The "Psychology of Freedom"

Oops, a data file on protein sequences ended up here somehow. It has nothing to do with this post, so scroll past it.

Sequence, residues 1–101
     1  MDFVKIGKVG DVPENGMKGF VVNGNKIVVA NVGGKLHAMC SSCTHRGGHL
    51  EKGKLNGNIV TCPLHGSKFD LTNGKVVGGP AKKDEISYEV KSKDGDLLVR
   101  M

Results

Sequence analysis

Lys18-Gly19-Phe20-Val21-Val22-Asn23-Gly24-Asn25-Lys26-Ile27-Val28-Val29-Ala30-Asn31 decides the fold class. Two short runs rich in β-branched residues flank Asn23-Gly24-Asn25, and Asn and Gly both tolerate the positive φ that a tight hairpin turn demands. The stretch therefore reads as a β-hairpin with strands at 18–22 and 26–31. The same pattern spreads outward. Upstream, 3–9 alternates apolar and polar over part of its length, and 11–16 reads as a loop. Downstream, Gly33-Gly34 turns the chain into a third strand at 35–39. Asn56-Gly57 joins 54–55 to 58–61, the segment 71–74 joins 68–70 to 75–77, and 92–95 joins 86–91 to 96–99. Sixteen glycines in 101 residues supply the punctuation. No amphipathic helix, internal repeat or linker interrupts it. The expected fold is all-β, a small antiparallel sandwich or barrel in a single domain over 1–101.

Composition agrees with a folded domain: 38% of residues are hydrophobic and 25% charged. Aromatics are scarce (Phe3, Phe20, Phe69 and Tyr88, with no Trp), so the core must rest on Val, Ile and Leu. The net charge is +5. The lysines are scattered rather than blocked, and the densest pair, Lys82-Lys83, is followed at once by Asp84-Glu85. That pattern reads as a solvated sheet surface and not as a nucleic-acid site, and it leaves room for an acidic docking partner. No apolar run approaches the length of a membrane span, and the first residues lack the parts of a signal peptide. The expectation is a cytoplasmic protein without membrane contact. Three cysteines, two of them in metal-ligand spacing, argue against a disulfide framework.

T he introductory clause of the preamble to the Virginia Statute of Religious Freedom, as originally drafted by Jefferson, was: "Well aware that the opinions and beliefs of men depend not upon their own will, but follow involuntarily the evidence proposed to their minds...."1Professor Mark Howe has suggested that this Jeffersonian thought provides a clue which might enable us to understand the original meaning of the First Amendment, not by a textual analysis but by examining a presupposition of the generation that bequeathed it to us. Howe's hypothesis is that the amendment, having been broadly intended to protect belief by granting its expression immunity from government penalty, embodied a "psychology of freedom" which, valid or not, was popular at the time. "Beyond the constitution," he declared, "lay a rationalized body of experience known as the common law and a theory of knowledge, conceived by John Locke. The body of experience and the theory of knowledge, in combination produced a theory of liberty, or if you will, a psychology of freedom, outside the Bill of Rights."2____________________